One summary of their results shows:

Year Ave Per Capita Ave Annual Yrs Required
AD GDP (1990 $) Growth Rate for Doubling
1 461
1000 450 -0.002% N/A
1500 566 0.046% 1,504
1600 596 0.051% 1,365
1700 615 0.032% 2,167
1820 667 0.067% 1,036
1870 874 0.542% 128
1900 1,262 1.235% 56
1913 1,526 1.470% 47
1950 2,111 0.881% 79
1967 3,396 2.836% 25
1985 4,764 1.898% 37
2003 6,432 1.682% 42

Note that through at least 1000 AD economic growth per capita (as well as population growth) was approximately flat. Indeed, up to the nineteenth century, Maddison estimates that a doubling of economic well-being per capita only occurred every 3000 to 4000 years. But, by 1820 or so onward, this doubling accelerated at warp speed to every 50 years or so.

Looking at a Couple of Historical Breakpoints

The first historical shift in millenial trends occurred roughly about 1000 AD, when flat or negative growth began to accelerate slightly. The growth trend looks comparatively impressive in the figure below, but that is only because the doubling of economic per capita wealth has now dropped to about every 1000 to 2000 years (note the relatively small differences in the income scale). These are annual growth rates about 30 times lower than today, which, with compounding, prove anemic indeed (see estimated rates in the table above).

Nonetheless, at about 1000 AD, however, there is an inflection point, though small. It is also one that corresponds somewhat to the adoption of raw linen paper v. skins and vellum (among other correlations that might be drawn).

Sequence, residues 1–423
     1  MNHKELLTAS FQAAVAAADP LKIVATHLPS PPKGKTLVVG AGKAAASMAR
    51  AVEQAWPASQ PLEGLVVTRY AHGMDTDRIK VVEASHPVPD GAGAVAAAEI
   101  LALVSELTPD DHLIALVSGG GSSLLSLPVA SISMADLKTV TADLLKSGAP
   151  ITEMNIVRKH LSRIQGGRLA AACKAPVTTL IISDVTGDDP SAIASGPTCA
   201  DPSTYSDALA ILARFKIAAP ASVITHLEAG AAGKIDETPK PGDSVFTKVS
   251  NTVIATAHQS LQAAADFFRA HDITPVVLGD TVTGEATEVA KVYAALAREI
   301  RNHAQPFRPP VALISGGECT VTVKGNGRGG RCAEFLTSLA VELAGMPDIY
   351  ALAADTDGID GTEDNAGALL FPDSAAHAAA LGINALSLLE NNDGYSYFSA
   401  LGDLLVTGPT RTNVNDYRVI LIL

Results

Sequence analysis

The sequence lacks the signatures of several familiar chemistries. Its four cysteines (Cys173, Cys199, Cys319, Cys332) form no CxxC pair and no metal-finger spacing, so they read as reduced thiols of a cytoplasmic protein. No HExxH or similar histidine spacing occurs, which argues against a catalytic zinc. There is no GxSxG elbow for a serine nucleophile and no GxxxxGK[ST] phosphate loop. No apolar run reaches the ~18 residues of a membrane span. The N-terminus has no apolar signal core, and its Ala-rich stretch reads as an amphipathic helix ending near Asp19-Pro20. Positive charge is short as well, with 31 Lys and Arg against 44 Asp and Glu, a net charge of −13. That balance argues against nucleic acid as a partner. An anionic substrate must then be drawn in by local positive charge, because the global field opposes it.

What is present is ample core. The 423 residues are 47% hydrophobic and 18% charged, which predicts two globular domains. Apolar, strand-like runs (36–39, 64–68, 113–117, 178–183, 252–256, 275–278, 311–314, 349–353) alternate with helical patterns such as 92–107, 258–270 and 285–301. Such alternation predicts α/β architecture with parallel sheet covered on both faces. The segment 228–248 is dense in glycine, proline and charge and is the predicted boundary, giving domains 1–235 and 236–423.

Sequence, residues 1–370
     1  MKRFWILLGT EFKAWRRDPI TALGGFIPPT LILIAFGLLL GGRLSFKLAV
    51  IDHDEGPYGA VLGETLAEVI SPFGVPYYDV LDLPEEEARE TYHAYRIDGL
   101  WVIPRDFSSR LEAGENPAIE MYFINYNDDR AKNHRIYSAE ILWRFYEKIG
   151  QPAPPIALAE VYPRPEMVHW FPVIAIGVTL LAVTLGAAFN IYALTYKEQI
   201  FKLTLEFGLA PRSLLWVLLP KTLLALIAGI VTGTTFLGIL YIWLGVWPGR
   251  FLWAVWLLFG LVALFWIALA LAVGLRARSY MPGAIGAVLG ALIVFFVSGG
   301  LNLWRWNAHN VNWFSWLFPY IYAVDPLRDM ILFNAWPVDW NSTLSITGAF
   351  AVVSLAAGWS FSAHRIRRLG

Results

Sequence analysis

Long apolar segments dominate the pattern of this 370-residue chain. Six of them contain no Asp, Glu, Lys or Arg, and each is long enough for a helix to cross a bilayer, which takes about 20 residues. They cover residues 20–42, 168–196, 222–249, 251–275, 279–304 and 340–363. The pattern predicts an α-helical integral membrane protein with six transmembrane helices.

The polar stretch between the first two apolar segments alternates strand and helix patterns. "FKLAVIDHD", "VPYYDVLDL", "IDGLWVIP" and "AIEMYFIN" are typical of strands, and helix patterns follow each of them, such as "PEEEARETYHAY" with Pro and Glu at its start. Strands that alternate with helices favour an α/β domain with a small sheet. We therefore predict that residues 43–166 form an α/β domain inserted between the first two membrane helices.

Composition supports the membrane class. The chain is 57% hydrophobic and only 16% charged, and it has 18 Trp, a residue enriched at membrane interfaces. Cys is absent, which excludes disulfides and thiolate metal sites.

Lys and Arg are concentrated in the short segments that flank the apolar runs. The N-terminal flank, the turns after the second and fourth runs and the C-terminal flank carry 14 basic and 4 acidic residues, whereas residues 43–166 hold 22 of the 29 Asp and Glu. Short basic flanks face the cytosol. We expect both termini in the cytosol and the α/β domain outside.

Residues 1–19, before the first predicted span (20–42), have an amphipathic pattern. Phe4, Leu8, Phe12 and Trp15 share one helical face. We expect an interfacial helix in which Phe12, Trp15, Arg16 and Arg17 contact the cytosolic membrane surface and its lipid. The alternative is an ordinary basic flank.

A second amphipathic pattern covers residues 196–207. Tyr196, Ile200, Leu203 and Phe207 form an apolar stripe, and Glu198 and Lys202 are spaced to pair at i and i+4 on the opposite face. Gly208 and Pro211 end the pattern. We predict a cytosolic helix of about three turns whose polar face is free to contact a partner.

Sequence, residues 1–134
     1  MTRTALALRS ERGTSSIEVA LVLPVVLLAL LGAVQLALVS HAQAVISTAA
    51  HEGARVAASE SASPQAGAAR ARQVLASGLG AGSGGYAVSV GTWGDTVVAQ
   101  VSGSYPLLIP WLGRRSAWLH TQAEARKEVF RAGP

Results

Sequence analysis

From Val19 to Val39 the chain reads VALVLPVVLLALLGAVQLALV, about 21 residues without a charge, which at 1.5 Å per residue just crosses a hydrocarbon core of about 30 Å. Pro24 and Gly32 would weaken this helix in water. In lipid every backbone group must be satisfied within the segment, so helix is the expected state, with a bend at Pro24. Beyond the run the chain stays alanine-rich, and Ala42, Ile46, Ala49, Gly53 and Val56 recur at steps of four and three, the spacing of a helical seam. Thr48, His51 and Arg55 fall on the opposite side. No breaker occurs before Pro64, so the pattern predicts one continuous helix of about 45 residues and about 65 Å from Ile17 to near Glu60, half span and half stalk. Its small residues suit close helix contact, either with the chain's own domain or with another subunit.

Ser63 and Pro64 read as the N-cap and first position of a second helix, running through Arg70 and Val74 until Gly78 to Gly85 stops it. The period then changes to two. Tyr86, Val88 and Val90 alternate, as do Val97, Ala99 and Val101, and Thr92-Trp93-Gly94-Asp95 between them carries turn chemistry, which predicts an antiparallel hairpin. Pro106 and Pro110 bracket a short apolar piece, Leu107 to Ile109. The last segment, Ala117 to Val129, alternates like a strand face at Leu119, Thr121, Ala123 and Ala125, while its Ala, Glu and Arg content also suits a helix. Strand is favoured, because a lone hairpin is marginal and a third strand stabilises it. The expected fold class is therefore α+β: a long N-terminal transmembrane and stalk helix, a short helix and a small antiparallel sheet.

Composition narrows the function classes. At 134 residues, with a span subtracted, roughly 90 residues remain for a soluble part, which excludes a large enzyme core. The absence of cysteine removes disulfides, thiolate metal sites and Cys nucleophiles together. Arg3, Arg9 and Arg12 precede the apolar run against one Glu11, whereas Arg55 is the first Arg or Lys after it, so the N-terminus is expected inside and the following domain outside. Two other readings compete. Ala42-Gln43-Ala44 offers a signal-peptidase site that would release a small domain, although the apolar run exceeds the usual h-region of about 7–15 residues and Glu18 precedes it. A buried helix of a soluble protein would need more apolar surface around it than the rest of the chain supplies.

When the economic growth scale gets expanded to include today, these optics change considerable. Yes, there was a bit of growth inflection around 1000 AD, but it is almost lost in the noise over the longer historical horizon. The real discontinuity in economic growth appears to have occurred in the early 1800s compared to all previous recorded history. At this major inflection point in the early 1800s, historically flat income averages skyrocketed. Why?

The fact that this inflection point does not correspond to earlier events such as invention of the printing press or Reformation (or other earlier notable transitions) — and does more closely correspond to the era of the Industrial Revolution — has tended to cement in popular histories and the public’s mind that it was machinery and mechanization that was the causative factor creating economic growth.